By Diane MacEachern, Care2
Don’t think solar works for you? You could be wrong! A lot of myths swirl around solar energy that prevents people from making a well-informed decision about whether it’s right for them. PURE Energies, an NRG Home Solar Company, tackled 10 of the biggest myths about solar energy that you SHOULDN’T believe. I’ve added one of my own because it’s the one that initially most got in my way when I was thinking about going solar.
Myth 1 – I should wait until solar technology gets more efficient. Solar technology actually hasn’t changed much since the 1960s. In fact, it’s one of the most stable technologies we can use. That, plus the 30 percent federal solar tax credit and many state incentive programs*, make solar a technology worth installing right now.
Myth 2 – Solar doesn’t work when it’s cool, cloudy or foggy. Solar panels still produce significant energy when it’s foggy, chilly, or overcast. Surprising fact: solar panels on a rooftop in cool and foggy San Francisco produce only one percent less electricity than those on a rooftop in hot, sunny Sacramento.
Myth 3 – I can store excess solar energy in batteries. Most modern solar panel systems are connected to the local utility company’s electricity grid, the one you’re probably already using. Homeowners usually install solar systems that feed whatever power they don’t use back into this grid through a system called net metering. The utility company credits you for that power. If you need extra power from the utility grid, you can tap into it, but it probably won’t cost you anything because your solar system already fed so much energy into the system. Storing solar power in a battery is possible, but expensive. It would be more cost-effective to install an independent generator if you’re worried about your power going out. However, the power usually doesn’t go out very often!
Myth 4 – It is a lot of trouble to maintain solar panels. Solar panels have no moving parts and do not require regular maintenance (unlike your car, which needs the oil changed several times a year, the tires pumped up regularly, and an annual tune-up). Most companies recommend you hose off the panels once a year or so, but many panel owners rely on the rain to do this instead. You do want to remove any debris that falls on the panels. But generally, you can use monitoring software to detect any drop in power generation that might need your attention.
Myth 5 – Solar panels will cause my roof to leak, deteriorate, or collapse. On the contrary, solar panels help protect and preserve the portion of the roof they cover. Most solar panels do not attach directly to the roof. Rather, they’re mounted on a railing system sealed with metal flashing that provides an extra barrier against the elements. If your roof needs to be repaired for other reasons, such as age or storm damage, do that before installing solar panels.
Myth 6 – Solar is so expensive, I’ll never make back the money I put into it. Solar turns out to be a great choice for people looking to save money on electricity. Modern financing options make it much easier to afford the upfront costs of installation, and many households can now go solar for little to no money down. Also, solar pays for itself over time. Unlike pretty much anything else you buy for your home – like a sofa, or a microwave, or a refrigerator – solar panels return, on average, two to four times their cost in saved electricity bills. In other words, whatever it costs you to purchase solar initially, you’ll be repaid in energy savings over time. According to the U.S. Department of Energy , solar panels typically pay for themselves completely within 10 years. In a state with good incentives, the payback period can be as short as 2 to 4 years.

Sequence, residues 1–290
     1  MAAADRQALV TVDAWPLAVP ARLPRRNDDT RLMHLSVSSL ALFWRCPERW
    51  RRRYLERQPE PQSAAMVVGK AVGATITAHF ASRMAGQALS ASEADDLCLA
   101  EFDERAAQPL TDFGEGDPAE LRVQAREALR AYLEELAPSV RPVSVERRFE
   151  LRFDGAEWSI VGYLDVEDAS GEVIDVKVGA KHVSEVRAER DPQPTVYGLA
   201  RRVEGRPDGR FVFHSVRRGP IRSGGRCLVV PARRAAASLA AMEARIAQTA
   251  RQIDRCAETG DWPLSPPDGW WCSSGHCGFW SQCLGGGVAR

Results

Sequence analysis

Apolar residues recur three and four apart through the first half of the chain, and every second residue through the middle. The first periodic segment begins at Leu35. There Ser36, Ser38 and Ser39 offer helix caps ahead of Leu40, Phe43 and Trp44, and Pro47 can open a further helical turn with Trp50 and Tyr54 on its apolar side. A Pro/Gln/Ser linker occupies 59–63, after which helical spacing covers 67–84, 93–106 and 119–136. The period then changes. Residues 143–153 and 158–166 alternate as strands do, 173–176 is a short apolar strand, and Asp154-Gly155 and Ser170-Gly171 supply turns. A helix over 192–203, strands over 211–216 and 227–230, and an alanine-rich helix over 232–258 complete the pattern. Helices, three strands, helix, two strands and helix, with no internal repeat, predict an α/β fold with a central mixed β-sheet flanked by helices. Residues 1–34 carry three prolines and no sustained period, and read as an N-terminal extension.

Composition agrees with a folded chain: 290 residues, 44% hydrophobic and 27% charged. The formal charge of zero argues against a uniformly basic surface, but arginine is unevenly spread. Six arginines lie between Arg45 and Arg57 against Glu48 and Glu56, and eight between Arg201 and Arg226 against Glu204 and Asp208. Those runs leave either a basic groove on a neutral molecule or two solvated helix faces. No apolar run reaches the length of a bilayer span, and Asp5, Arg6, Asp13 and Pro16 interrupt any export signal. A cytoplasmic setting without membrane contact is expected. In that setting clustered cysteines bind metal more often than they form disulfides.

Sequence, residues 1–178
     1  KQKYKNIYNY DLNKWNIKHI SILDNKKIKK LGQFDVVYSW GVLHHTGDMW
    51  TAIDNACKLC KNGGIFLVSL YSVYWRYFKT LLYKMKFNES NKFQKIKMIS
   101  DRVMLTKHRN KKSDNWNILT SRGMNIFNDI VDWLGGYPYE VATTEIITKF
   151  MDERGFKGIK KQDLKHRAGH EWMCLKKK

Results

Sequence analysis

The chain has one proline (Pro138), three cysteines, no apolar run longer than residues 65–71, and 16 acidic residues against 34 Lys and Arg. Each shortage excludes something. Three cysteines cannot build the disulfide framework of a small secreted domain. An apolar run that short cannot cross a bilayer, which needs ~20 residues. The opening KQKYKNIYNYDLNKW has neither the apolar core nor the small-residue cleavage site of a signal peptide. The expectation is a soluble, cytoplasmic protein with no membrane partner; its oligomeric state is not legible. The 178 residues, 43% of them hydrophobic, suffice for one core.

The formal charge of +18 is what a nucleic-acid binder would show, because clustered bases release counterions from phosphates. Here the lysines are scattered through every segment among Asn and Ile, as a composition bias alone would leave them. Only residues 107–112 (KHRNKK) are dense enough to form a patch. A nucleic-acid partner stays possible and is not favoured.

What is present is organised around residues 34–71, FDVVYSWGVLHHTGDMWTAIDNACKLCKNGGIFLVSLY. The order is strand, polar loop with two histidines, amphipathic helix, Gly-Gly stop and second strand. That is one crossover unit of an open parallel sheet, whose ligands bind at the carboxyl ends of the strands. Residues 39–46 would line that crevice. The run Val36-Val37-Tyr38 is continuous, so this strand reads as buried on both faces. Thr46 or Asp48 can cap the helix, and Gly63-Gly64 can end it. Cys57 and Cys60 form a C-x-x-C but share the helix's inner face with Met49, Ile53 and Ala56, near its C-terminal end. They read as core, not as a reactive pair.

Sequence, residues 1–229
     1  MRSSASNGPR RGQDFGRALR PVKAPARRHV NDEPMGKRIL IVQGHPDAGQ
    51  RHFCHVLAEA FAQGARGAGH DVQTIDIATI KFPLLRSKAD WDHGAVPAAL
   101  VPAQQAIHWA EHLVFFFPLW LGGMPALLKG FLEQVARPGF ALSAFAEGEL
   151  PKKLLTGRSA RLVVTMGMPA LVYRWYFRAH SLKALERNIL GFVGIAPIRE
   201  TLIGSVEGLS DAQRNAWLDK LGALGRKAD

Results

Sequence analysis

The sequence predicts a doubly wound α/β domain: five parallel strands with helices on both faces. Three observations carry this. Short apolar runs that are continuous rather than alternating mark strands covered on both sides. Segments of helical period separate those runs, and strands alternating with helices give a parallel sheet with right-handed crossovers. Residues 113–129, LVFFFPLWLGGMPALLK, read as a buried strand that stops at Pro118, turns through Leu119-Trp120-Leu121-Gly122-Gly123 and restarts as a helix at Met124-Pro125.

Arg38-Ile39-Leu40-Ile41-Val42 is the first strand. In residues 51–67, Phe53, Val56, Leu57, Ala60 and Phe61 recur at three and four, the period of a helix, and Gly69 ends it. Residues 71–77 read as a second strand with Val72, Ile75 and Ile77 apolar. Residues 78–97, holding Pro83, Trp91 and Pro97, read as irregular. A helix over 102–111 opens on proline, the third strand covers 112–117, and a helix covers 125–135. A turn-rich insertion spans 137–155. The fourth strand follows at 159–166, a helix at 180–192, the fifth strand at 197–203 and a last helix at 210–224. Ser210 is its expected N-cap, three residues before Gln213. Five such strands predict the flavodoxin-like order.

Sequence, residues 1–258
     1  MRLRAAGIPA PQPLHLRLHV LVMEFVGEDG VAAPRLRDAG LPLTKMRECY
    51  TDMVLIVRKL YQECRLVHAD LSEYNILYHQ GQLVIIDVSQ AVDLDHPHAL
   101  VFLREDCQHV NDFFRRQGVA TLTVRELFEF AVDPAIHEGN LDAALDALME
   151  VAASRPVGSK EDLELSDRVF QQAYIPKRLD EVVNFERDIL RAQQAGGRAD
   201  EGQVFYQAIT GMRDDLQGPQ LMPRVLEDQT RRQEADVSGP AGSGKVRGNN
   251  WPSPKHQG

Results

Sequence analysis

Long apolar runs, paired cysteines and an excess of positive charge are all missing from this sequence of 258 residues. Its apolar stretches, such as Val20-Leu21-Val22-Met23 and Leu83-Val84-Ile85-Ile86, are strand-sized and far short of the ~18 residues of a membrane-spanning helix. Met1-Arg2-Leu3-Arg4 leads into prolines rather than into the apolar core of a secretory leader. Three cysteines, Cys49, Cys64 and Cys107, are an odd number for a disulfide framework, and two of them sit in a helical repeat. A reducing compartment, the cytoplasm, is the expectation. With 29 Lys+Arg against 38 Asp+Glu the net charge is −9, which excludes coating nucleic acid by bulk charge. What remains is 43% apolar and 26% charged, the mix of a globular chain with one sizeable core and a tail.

Myth 7 – When the power goes out, my home will still be powered. This is not true, but it’s also not a reason to skip solar. Remember #3 above. Your solar system is tied into your utility grid, so when the grid goes down, even though your solar panels could still be working, they won’t be sending power to the grid and your home electrical system won’t be pulling power out of it. Fortunately, the power doesn’t go off very often.
Myth 8 – Solar will look ugly on my roof. Solar panels actually send a message that the homeowners who install them are very “hip” and setting a great example for others in the community. If you don’t like the look of traditional solar panels, however, consider thin-film and non-reflective solar panel roofing shingles, which resemble ordinary asphalt shingles.**
Myth 9 – Installing solar panels will increase my property tax. In many states, solar installations are property-tax exempt. As far as investments go, installing solar panels is one of the best you can make because they increase the resale value of your house without costing any more in property taxes.
Myth 10 – Solar panels require a tracking system to follow the angle of the sun. Most solar panels can be installed at just the right angle on a roof to maximize the amount of solar they can capture and convert to electricity. Tracking systems are more common in industrial settings that use massive arrays of solar panels to generate electricity.
Myth 11 – It is very difficult to figure out what kind of solar system I need. When I first considered going solar, I had to figure out everything on my own. Did I have enough sun? What kind of system should I install? How much would it cost? How could I offset the costs? These days, companies like PURE Energies can do an analysis of your solar potential in no time, then recommend a system that is ideal for your home. It’s actually never been easier to figure out how to go solar.
This article first appeared on the Care2 website; it was reprinted with permission.